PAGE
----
Sunday, October 14th.
I'm still not sure how a television adaptation of a graphic novel about flesh-eating zombies (or 'walkers" as they are called in the books and the show) caught fire the way AMC's "The Walking Dead" has. It was risky from the start.
Sure, zombies have been increasingly popular since George A. Romero created the genre in 1968. Still, many critics dismissed Romero's low-budget shocker. But it spoke loud and clear to a group of disenchanted young people who saw the living dead as an analogy for the 'establishment.' And by the time Romero released Dawn of the Dead in 1979, it was clear that he had a message to impart.
Over the last 10 years or so, zombies have become more popular than ever, moving from a rather obscure sub-genre into the mainstream and Romero's message of "They are us" resonates with more people than ever before (especially given the current economic and political climate). And then there's the classic escapism provided by horror. "At least my life isn't that horrible (though at the drop of a hat, it could be)."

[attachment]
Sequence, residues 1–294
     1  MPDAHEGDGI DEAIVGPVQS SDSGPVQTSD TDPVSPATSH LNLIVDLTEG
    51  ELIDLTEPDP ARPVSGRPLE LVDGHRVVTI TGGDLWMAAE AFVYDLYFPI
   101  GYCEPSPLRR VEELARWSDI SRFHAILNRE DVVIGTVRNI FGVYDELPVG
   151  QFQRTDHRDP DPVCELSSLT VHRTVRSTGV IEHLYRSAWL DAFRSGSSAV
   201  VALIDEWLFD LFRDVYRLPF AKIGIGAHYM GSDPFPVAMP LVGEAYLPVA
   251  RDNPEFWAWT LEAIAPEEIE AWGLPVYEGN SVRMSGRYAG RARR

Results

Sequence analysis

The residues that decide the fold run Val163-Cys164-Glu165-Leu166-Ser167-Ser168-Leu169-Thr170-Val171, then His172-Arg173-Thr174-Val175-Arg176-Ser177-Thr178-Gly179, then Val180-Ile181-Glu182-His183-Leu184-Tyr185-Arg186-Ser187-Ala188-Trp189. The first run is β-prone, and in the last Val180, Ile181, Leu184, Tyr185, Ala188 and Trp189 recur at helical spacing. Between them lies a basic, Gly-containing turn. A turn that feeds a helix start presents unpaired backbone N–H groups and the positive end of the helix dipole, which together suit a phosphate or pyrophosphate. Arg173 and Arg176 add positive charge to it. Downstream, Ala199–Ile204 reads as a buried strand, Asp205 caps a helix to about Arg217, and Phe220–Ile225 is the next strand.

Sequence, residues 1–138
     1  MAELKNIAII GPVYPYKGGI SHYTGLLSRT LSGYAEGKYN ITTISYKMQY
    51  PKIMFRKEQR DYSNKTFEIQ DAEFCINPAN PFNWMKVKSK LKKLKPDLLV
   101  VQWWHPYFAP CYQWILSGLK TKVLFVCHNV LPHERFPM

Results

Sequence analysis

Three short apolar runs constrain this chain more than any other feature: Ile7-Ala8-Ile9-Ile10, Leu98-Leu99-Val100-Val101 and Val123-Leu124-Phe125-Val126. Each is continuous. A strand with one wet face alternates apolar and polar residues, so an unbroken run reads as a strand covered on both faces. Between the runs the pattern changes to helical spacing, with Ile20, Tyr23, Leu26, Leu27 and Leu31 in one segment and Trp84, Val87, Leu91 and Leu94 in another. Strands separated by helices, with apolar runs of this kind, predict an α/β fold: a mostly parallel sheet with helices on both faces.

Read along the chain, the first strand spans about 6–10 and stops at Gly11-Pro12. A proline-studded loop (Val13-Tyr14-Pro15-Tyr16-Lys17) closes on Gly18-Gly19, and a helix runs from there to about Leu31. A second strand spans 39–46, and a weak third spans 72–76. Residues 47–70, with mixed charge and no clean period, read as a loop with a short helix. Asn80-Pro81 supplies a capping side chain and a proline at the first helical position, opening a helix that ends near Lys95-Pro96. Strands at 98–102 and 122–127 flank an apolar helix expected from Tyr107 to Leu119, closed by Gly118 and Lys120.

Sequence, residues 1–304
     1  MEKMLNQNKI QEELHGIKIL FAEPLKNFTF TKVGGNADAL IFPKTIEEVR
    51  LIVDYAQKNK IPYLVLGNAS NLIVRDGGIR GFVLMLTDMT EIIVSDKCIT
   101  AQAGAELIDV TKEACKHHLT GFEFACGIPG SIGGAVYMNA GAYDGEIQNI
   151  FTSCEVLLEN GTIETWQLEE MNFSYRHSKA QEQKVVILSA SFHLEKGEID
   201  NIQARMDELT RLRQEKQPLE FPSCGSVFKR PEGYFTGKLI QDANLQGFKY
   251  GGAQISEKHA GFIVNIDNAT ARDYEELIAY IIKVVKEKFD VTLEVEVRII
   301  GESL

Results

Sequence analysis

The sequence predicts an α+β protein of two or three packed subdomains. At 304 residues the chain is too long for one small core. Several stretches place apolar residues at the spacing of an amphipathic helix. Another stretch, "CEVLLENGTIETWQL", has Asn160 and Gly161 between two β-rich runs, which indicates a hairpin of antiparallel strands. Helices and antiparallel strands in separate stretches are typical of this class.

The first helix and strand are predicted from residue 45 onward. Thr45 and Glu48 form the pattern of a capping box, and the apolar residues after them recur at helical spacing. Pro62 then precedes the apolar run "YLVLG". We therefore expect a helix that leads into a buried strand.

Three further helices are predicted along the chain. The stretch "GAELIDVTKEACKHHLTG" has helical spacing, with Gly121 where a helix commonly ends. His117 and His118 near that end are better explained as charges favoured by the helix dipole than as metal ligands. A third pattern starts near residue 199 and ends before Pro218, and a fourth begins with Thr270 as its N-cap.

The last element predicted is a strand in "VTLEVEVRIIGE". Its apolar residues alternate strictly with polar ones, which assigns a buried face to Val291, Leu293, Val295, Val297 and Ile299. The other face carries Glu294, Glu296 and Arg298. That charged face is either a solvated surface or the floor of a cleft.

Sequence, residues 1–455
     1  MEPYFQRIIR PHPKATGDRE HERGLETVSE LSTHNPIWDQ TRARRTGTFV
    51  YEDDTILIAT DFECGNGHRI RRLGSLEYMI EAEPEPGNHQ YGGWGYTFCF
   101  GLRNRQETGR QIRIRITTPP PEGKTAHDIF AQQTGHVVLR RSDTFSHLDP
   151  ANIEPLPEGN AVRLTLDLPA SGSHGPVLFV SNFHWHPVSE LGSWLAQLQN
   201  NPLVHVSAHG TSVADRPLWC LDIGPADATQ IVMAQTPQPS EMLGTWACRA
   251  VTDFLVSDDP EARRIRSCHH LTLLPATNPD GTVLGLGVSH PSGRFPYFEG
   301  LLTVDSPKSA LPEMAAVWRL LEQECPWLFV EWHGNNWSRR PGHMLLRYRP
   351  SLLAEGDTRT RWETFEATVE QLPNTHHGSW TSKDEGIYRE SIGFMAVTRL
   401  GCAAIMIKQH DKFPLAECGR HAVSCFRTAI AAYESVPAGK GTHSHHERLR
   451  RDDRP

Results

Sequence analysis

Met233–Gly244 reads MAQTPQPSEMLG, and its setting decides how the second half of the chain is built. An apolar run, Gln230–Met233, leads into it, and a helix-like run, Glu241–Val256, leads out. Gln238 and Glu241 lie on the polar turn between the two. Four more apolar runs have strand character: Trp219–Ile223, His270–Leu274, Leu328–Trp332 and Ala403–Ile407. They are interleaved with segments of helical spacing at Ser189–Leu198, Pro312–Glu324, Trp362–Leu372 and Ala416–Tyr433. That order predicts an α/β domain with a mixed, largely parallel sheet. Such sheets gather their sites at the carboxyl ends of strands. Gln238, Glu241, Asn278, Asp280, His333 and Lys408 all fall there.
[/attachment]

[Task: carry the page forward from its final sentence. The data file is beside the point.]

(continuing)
But I think that at the heart of it all, despite the political and social commentary the genre provides, good story-telling and compelling characters are what drive great drama and "The Walking Dead" provides both in spades. Whether or not you hate Lori and/or Carl or love Daryl and Carol or you're just rooting for the return of Merle and the inclusion of the bad-ass Michonne; the show's fans have become fully invested in what happens next. And that's a testament to both the great writing and the amazing performances to which we are treated in each episode.
In any case, you can expect my usual Monday recap and commentary starting Monday, October 15th, along with my Shocktober post.
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